the mercantile and manufacturing inter-,- V
ests, the cause of benevoledce has not lan- .
guished among us. 7'be calls from heC?
American tioard were never more cheer-',
fully and liberal ly; responded to than dur
ing the past year. Most of the Churches
doubled their usual annual collections,
and in the city of Hartford nearly $12,
000 n ere raised, a sum four times as great
as had been collected in any preceding
year.
-Saco, June 27, 1838.
RHODE-ISLAND.
The friends of evangelical piety have,
within a few years past, greatly increased
their exertions, and have been crowned
with pleasing success. Rhodetlsland,
though narrow in her limits, is capable
of exerting a very powerful influence in
favor of the gospel. - We hope that tho
friends of the old pilgrim principles will
be awake, and perseverelinlil the State is
filled with holy influence. - The Rev. Mr.
Shepherd said of this State?
The Evangelical Consociation of Con
gregational Churches in Rhode-Island v
embraces 14 churches and" 12 ministers.
but 5 of ihem aTe settled pastors -5 are
stated supplies and two are without charge.
Two evangelical churches within out
bounds are not consooiated. Six of our "
churches are now destitute of pastors, ?
Whole number of members in our
churches about 2000 added tbe last year,-'
mostly by profession, 192 Number of
teachers employed in the Sabbath-schools;
connected with us, 350 Number of schoi:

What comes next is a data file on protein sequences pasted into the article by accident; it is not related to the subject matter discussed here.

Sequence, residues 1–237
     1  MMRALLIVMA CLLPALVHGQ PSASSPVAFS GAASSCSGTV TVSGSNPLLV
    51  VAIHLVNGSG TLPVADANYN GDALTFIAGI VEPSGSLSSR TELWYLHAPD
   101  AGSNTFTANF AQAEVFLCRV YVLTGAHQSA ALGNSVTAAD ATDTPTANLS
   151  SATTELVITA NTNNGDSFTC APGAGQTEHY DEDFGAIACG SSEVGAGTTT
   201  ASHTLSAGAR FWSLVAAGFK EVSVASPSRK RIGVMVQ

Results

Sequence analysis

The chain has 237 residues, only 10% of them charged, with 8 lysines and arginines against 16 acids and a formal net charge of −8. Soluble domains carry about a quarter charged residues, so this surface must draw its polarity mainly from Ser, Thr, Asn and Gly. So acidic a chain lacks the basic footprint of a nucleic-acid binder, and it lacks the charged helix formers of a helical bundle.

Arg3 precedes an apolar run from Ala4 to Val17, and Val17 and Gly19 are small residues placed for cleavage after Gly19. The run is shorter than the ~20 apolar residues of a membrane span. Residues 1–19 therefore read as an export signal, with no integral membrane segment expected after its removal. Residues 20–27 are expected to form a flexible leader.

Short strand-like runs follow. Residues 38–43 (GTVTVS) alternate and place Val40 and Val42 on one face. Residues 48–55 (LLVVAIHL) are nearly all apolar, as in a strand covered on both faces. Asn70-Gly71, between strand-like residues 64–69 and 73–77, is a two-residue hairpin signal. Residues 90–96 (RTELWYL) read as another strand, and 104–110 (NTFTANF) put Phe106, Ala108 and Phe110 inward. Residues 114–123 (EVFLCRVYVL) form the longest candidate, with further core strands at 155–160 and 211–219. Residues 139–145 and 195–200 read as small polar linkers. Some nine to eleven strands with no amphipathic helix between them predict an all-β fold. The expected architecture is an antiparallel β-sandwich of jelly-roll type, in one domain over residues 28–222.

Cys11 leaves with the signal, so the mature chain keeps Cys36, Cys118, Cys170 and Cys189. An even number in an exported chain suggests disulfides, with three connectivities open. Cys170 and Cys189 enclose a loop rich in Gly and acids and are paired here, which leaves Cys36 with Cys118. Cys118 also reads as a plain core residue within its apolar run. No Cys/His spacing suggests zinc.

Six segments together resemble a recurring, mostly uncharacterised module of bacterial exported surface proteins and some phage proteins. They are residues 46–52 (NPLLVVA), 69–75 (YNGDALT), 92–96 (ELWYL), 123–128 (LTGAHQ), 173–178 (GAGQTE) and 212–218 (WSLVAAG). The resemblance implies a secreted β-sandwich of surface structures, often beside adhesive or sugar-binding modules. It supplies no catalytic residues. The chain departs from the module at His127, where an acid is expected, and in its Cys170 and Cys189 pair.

ars 8207. Number in Bible Class; 300.
Volumes -in Sabbath School Libraries
about 6000. - .. . - v -
The past year has been one ofrmore
than ordinary interest in our churches.-.
Several of our churches have been re-
freshed and strengthened by thevspecial
operations of the -Spirit. Thel great' he
nevolent enterprises of tbe - day receive
cheerful and increasihgasappOrt'lambho'
us. A great degree of harnT6Wy in6c-J
trine and feeding -nappily prevails among
our min isters s and ? b urches; tSabbath
schools - and Bible - classes aiidf; maternal
associations" receive - increased 'attention
among' us. : Irr ne'f nur,:ctiu rches 70
mothers are ' memberst'of the maternal
association. And- 'as 'a "."result of their
prayers and " efforts - during a few years t
past, the husbands ef n;ne of them" have
united with ?the . church, together with
seventy of their children. The attention
of oar 'ministers has been particularly:
drawn to the subject of attendanceion
public worship, and the result has been
an increase of most of our 'congregations
onthe Sabbath. The cause of seamen has
of late a wakened increased interest among
us and several seamen's boarding houses
have been provided forthig interesting but
hitherto much; neglected class- of .the
community:' v . - '.-.--
TheEvangelicalCongrgationalchurch
es in R. I. need the sympathies and pray--ers,
of their sister- churches in N; Eng
land. Many of therii are feeble, and sur
rounded by a populition averse to reli- "
gious order "and to doing anything for the
ministry- Our little State is full of enter
prise, business and life io secular concerns,
but.in things pertainirrg to the fHvorld to
come wide extended desolations prevail. . -In
some of our thickly populated, manu
facturing districts, 'there is 'ho stated
s :
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J